|Title||Traveling ionospheric disturbances tracked through Doppler-shifted AM radio transmissions|
|Publication Type||Conference Proceedings|
|Year of Conference||2021|
|Authors||Trop, CC, LaBelle, J, Erickson, PJ, Zhang, S, McGaw, D, Kovacs, T|
|Conference Name||HamSCI Workshop 2021|
|Conference Location||Scranton, PA (Virtual)|
A comprehensive understanding of the ionosphere is critical for many technologies, particularly those that rely on the propagation of radio waves. This study shows that traveling ionospheric disturbances (TIDs), dawn and dusk signal divergence (terminators), and spread F can be tracked and analyzed using clear channel AM radio transmissions and a set of geographically distributed receivers. Early attempts by our research group to track TIDs by AM radio signals reflected from the F region of the ionosphere generated results in conflict with those derived from GPS/TEC mapping methods [Chilcote et al., 2015]. This study seeks to resolve those conflicts with a more sophisticated array of receivers spread throughout the northeastern United States. Specifically, the receivers form a ring around an 810 kHz AM radio station in Schenectady, New York. A minimum of four receivers have been operational from 3/19/20 to the present and Doppler-shifted signals, attributed to TID events, have been consistently visible across several radio channels with frequencies between 800 to 1600kHz. We have focused our study thus far on the terminator signals which appear to be consistent with photochemistry effects and on TID wave characteristic analysis. We have collected a set of exceptional TID events over the past nine months and have correlated our calculated wave characteristics with the data from GNSS TEC, digisonde, and SuperDARN in general finding good agreement between our technique and these established methods. While our study still seeks to clarify discrepancies in our data similar to those seen by Chilcote in the original study, the consistency with which our data typically agrees with other methods supports the validity of using AM radio transmissions to track TIDs in addition to other ionospheric phenomena such as the terminator.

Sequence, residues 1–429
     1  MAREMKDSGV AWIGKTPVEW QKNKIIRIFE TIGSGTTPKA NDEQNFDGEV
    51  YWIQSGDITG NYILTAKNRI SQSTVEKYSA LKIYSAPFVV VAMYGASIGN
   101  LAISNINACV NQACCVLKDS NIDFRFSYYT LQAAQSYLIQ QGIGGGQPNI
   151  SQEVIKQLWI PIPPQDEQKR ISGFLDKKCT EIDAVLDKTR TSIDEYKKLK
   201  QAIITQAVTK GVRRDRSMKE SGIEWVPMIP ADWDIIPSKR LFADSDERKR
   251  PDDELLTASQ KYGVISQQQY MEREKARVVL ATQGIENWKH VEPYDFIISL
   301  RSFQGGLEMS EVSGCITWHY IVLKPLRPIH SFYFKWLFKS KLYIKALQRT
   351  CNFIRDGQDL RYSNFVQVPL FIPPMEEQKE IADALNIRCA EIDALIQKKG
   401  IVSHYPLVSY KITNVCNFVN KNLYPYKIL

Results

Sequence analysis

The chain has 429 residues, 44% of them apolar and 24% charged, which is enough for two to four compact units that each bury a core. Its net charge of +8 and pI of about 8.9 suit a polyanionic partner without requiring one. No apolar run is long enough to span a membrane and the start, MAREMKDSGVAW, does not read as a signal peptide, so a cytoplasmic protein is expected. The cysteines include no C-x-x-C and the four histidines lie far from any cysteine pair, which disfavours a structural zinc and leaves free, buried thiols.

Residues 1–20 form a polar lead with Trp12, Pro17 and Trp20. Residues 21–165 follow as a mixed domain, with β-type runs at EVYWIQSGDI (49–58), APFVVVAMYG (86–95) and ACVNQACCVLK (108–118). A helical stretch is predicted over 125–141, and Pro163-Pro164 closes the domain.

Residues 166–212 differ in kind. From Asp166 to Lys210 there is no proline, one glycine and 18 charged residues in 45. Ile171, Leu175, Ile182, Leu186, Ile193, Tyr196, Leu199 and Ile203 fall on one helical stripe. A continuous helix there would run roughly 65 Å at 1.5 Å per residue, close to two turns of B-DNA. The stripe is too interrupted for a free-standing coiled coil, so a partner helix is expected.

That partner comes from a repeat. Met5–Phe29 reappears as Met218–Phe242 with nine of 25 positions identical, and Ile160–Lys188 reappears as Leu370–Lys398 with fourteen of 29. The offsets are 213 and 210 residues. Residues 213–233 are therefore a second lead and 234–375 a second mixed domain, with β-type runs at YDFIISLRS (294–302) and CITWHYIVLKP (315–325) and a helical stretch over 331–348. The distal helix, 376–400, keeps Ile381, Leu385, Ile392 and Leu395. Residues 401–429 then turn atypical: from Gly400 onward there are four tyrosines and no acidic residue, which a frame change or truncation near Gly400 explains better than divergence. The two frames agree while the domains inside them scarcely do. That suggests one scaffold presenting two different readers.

Reference: Chilcote, M., et al. (2015), Detection of traveling ionospheric disturbances by medium-frequency Doppler sounding using AM radio transmissions, Radio Sci., 50, doi:10.1002/2014RS005617.